Walk like a Windsor

The boarded up houses expensive pigeon coops on Windsor Walk, which were recently squatted (the squatters were later evicted), are owned by a hospital trust which is to close a clinic because of lack of funding.

You and I might think that the houses would be better refurbished and sold or let rather than left for the rats and their flying counterparts, and the money spent on better care for the clinic’s patients, but apparently that’s not right. Instead, the closure of the clinic “will benefit patients” — and the pigeons as well, presumably.

Thanks to TommyD on the SE5Forum for finding this link.

Author: Peter

Long-time resident of Camberwell, author of this blog since July 2004.

5 thoughts on “Walk like a Windsor”

  1. Such a shame that an elegant old terrace like that has been allowed to deteriorate — It should be restored and used as flats for key worker housing (ideal considering it’s opposite King’s) — It would be a terrible thing if they were demolished…Maybe the ugly cheap yellow building in the middle could be demolished and a sensitive heritage developer could try and restore something approximating the original middle section, this part could be for private housing (a compromise always has to be reached these days!) — One of the houses could still be used as a drop-in clinic too…

  2. …even try and get a German Property Developer on board (is that too off the wall?!) considering those houses were originally built by Immigrant German Labourers for wealthy Lutherian German Immigrants in Victorian London…

  3. The patients forum meeting on the 9th would provide answers if Maudsley headshrinkers could be there to explain why it would be better to go to A&E than the emergency clinic. A&E customers with normal SE5 ailments like gunshot wounds will find it disturbing to be amongst mental health crisis customers sitting there for hours, clinging on, radiating anguish or anger.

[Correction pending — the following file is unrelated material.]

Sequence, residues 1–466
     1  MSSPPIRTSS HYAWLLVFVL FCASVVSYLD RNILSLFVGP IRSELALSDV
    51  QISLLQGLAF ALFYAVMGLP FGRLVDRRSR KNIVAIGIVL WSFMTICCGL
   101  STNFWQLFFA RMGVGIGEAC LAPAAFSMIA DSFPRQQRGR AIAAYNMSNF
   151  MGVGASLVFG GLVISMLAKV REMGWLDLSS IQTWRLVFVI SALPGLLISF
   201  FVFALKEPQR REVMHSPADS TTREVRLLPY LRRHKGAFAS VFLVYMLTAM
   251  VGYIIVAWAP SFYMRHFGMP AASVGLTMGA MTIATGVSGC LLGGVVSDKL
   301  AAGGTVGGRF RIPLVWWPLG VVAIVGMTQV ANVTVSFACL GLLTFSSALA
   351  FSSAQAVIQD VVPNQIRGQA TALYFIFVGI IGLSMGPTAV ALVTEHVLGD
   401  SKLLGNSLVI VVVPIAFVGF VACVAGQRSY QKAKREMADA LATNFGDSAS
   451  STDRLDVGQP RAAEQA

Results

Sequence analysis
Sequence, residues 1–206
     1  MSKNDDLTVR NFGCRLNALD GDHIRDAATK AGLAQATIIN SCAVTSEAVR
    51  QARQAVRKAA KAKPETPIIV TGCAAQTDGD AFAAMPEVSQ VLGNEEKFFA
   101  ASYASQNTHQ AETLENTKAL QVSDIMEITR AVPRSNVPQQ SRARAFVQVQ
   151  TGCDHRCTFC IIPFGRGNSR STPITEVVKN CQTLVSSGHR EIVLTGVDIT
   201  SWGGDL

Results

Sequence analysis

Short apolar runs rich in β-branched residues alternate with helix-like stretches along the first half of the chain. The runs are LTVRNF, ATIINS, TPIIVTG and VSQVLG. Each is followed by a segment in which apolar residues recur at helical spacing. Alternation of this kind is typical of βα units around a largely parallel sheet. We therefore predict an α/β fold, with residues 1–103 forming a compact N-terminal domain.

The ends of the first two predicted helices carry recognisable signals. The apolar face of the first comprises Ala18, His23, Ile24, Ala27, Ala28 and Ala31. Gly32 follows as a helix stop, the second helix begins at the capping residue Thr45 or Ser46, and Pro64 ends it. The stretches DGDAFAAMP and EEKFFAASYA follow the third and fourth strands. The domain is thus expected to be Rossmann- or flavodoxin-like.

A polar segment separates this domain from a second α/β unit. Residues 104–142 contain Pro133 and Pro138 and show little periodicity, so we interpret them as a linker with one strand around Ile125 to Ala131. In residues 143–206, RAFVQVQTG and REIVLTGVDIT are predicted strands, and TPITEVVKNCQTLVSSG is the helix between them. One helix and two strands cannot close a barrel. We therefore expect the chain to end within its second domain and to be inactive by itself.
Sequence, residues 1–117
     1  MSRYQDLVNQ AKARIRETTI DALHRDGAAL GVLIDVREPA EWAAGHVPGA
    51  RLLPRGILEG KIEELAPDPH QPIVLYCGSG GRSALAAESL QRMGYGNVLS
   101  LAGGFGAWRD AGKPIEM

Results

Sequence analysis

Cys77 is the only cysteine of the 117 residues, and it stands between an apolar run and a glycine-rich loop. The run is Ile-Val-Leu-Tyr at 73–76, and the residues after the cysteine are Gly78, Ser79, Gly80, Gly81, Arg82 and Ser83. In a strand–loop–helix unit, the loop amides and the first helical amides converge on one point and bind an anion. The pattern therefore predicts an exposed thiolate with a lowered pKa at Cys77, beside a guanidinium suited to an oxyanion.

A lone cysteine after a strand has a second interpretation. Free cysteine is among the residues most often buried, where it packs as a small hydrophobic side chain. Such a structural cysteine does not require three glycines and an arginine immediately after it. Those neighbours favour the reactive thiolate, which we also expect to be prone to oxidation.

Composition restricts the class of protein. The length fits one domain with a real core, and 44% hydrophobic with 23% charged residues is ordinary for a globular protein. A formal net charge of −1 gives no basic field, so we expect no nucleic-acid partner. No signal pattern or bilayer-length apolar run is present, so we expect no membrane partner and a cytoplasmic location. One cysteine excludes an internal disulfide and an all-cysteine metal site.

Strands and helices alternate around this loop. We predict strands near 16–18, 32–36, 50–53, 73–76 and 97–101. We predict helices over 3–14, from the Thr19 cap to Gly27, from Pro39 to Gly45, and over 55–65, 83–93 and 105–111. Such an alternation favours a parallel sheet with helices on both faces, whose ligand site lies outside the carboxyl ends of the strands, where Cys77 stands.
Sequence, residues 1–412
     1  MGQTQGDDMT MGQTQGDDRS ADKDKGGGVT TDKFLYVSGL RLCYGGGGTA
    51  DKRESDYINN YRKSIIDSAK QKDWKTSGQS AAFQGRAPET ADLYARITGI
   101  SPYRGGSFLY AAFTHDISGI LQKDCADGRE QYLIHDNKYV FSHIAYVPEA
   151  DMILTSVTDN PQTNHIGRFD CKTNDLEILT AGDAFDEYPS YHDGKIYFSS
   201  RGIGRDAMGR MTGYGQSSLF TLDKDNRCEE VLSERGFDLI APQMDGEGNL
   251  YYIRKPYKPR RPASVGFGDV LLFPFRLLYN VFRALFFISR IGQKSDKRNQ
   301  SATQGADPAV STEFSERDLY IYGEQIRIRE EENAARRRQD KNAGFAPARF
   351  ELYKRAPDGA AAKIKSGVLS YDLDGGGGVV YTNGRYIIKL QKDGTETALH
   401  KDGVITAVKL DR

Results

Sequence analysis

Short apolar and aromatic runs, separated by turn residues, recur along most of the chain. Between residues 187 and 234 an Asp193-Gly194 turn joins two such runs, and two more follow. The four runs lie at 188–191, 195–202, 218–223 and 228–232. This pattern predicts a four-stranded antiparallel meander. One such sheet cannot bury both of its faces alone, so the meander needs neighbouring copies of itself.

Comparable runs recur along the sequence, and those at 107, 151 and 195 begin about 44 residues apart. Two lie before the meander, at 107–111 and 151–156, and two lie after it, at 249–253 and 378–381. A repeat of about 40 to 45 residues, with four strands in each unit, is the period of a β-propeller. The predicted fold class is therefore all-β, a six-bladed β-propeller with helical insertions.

Meanwhile, up at the Horniman aquarium, hispid frogfish, sixline wrasse, pyjama cardinalfish, convict tang, bicoloured foxface and Talbot’s demoiselle all wait to see what the next wave of market-led initiatives will bring to south London. Luxury flats, perhaps.

    The moon jellyfish, the luminous and vulnerable stars of the show, were ominously not in their tank yesterday. They had been removed for essential maintenance, a sign said. There may be many a denizen of Camberwell — creative, crazy or a bit of both — removed under the same pretext as Camberwell becomes a suburb for single, private-sector professionals and the public-sector “keyworkers” paid, less and less, to service them.

  4. By the way, the Cadleigh has had a bit of a spruce up — leather sofas in the front and back rooms. Still working on it so not quite sure what further developments Dermot may have planned…

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